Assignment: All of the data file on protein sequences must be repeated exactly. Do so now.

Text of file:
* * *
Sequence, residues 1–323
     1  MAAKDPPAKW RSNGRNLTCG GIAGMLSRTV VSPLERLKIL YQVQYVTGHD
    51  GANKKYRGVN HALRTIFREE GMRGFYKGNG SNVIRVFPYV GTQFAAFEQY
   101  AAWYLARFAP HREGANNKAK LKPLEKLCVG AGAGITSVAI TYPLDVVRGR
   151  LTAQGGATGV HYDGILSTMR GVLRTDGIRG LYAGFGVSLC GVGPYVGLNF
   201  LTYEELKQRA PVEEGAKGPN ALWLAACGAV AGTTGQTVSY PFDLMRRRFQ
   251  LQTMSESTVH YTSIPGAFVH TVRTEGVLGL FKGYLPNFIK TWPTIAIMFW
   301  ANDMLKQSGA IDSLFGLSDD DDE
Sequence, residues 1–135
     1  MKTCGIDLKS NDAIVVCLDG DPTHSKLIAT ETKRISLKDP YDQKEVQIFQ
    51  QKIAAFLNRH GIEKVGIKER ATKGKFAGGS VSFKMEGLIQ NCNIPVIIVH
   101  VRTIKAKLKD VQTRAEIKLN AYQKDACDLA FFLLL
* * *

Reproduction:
Sequence, residues 1–323
     1  MAAKDPPAKW RSNGRNLTCG GIAGMLSRTV VSPLERLKIL YQVQYVTGHD
    51  GANKKYRGVN HALRTIFREE GMRGFYKGNG SNVIRVFPYV GTQFAAFEQY
   101  AAWYLARFAP HREGANNKAK LKPLEKLCVG AGAGITSVAI TYPLDVVRGR
   151  LTAQGGATGV HYDGILSTMR GVLRTDGIRG LYAGFGVSLC GVGPYVGLNF
   201  LTYEELKQRA PVEEGAKGPN ALWLAACGAV AGTTGQTVSY PFDLMRRRFQ
   251  LQTMSESTVH YTSIPGAFVH TVRTEGVLGL FKGYLPNFIK TWPTIAIMFW
   301  ANDMLKQSGA IDSLFGLSDD DDE
Sequence, residues 1–135
     1  MKTCGIDLKS NDAIVVCLDG DPTHSKLIAT ETKRISLKDP YDQKEVQIFQ
    51  QKIAAFLNRH GIEKVGIKER ATKGKFAGGS VSFKMEGLIQ NCNIPVIIVH
   101  VRTIKAKLKD VQTRAEIKLN AYQKDACDLA FFLLL